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Timothy Cole

RIP, Jeff Blackburn

Here’s a guy who made a difference.

In the summer of 1999, police in the tiny town of Tulia carried out one of the largest drug stings in West Texas history. Nearly 50 people were arrested, almost all of them Black, and several were quickly sentenced to life in prison. “Tulia’s Streets Cleared of Garbage,” the local newspaper declared.

Convictions in the remaining cases seemed all but certain, even though they were riddled with inconsistencies. None of the defendants had drugs on them when they were arrested and the allegations against them hinged on the often-contradictory testimony of a single undercover police officer. So in a last-ditch effort, one of the defendants’ lawyers asked for help from a prominent young attorney in Amarillo named Jeff Blackburn.

Over the next four years, Blackburn exposed one of the country’s most celebrated drug busts as a sham. Together with a team of lawyers and activists, he helped prove that the undercover officer was a serial liar. He secured early releases for dozens of the defendants and even convinced then-Texas Gov. Rick Perry to pardon them.

Blackburn’s work in Tulia helped set the stage for more than a decade of reforms to Texas’ criminal justice system — many of which are still considered the most transformational in the country. As founder of the Innocence Project of Texas, he helped exonerate dozens more people and, in the process, convinced lawmakers to do improve evidence requirements in criminal cases and increase compensation for the wrongfully convicted.

On Tuesday, the man once called the “trouble-makingest lawyer in West Texas” died of kidney cancer at age 65. In a series of recent interviews with the Houston Chronicle, Blackburn reflected on the changes that he helped bring about and insisted that the work was bigger than any one person.

“I really dislike the notion of people going, ‘Here was this extraordinary guy or person, and that’s how things happened,’” he said from his home near Taos, New Mexico, where he lived out his final days with friends and family. “I’m an ordinary lawyer.”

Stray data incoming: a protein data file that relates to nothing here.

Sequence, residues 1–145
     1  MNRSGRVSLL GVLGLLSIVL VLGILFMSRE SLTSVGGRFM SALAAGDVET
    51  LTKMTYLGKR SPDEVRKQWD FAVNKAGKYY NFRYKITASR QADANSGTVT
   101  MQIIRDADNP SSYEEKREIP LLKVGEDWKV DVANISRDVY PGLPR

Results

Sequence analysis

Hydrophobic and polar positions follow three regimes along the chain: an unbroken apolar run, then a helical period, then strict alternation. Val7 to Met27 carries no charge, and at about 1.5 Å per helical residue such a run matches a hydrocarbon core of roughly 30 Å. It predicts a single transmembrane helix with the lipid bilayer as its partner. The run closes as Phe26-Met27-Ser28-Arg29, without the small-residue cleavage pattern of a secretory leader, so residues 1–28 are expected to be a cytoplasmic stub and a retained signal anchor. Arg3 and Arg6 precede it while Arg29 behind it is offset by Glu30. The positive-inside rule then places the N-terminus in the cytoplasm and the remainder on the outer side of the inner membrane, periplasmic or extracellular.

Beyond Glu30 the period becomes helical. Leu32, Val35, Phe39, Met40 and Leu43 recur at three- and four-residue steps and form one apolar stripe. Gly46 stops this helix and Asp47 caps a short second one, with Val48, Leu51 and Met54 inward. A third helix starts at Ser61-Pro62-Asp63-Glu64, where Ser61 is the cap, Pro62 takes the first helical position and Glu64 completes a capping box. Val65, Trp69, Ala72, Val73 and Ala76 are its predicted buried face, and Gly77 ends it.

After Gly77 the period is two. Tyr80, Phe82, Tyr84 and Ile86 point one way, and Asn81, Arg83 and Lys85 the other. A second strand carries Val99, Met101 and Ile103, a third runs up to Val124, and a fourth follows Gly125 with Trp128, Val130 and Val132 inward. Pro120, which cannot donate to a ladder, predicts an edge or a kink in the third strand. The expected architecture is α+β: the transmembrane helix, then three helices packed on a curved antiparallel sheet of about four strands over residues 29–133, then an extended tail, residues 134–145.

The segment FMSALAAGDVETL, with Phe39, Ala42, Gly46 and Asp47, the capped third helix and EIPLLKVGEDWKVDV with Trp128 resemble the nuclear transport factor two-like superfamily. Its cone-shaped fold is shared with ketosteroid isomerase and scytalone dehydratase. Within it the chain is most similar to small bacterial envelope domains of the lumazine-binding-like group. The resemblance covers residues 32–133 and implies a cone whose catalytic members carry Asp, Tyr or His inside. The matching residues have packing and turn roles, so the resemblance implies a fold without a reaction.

Any other conclusion, Blackburn said, is “essentially discouraging regular people to take up the cause.”

Blackburn went on to found the Innocence Project of Texas, helped get the Timothy Cole Act and Timothy Cole Innocence Commission passed, pushed for reforms on the use of confidential informants, and more. I blogged about the Tulia stuff here, and I think the original Texas Observer story about it is here. The Chron’s obit for him is long and richly detailed, so go read it. It’s also a reminder that a lot of work on this subject remains – among other things, it’s still easy for corrupt cops who get fired at one law enforcement agency to get hired by another, a key aspect to the Tulia story – and the bipartisan consensus on various forms of criminal justice reform has largely been broken. But that work is as urgent as ever, and it’s not going to do itself. Read about Jeff Blackburn and remember his legacy.

Keeping track of innocence-related bills

From Grits:

The House Criminal Jurisprudence Committee has posted an agenda which includes three important pieces of innocence legislation carried by Chairman Pete Gallego:

  • HB 215 Relating to photograph and live lineup identification procedures in criminal cases.
  • HB 219 Relating to the electronic recording and admissibility of certain custodial interrogations.
  • HB 220 Relating to procedures for applications for writs of habeas corpus based on relevant scientific evidence.

State Sen. Rodney Ellis is carrying the first two on the senate side, while Senate Criminal Justice Chairman John Whitmire has filed a companion bill to HB 220. In the House, Gallego is Innocence Man!

He’s optimistic that these bills, whose effect he describes in more detail, will make it through. There’s a committee hearing for today, so this is a chance for them to progress. Click over for more information.

Interview with State Sen. Rodney Ellis

Sen. Rodney Ellis